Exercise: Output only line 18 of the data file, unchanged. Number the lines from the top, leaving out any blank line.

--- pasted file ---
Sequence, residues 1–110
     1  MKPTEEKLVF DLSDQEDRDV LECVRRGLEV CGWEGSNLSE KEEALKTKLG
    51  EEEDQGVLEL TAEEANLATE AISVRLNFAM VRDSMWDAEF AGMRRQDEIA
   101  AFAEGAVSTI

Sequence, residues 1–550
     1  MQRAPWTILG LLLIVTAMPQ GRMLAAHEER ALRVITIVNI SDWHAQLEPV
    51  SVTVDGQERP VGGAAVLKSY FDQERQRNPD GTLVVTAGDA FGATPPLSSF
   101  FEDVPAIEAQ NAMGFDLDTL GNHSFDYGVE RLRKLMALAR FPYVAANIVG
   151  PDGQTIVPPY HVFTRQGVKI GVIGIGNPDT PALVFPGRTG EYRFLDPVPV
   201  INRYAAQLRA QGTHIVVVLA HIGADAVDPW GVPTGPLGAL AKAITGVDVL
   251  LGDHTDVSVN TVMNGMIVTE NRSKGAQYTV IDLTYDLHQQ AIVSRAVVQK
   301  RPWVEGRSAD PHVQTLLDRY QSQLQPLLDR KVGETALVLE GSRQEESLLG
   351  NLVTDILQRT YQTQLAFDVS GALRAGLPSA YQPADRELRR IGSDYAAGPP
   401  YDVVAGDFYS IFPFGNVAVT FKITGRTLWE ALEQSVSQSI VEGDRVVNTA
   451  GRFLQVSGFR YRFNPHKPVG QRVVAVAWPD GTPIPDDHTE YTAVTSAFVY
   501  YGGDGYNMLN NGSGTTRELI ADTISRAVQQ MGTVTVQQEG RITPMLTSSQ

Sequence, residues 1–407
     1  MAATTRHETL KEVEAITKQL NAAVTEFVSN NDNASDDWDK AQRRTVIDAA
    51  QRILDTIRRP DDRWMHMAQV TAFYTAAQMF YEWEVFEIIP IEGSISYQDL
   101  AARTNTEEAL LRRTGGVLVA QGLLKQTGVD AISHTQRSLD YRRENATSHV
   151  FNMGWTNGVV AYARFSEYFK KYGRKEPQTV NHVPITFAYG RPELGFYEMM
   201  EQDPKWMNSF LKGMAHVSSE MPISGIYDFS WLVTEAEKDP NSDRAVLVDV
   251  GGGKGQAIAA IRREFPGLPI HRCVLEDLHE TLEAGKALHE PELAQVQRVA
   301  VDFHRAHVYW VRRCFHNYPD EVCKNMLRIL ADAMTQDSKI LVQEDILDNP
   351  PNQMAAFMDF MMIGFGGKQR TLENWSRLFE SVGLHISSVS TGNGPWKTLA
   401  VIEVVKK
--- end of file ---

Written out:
     1  MAATTRHETL KEVEAITKQL NAAVTEFVSN NDNASDDWDK AQRRTVIDAA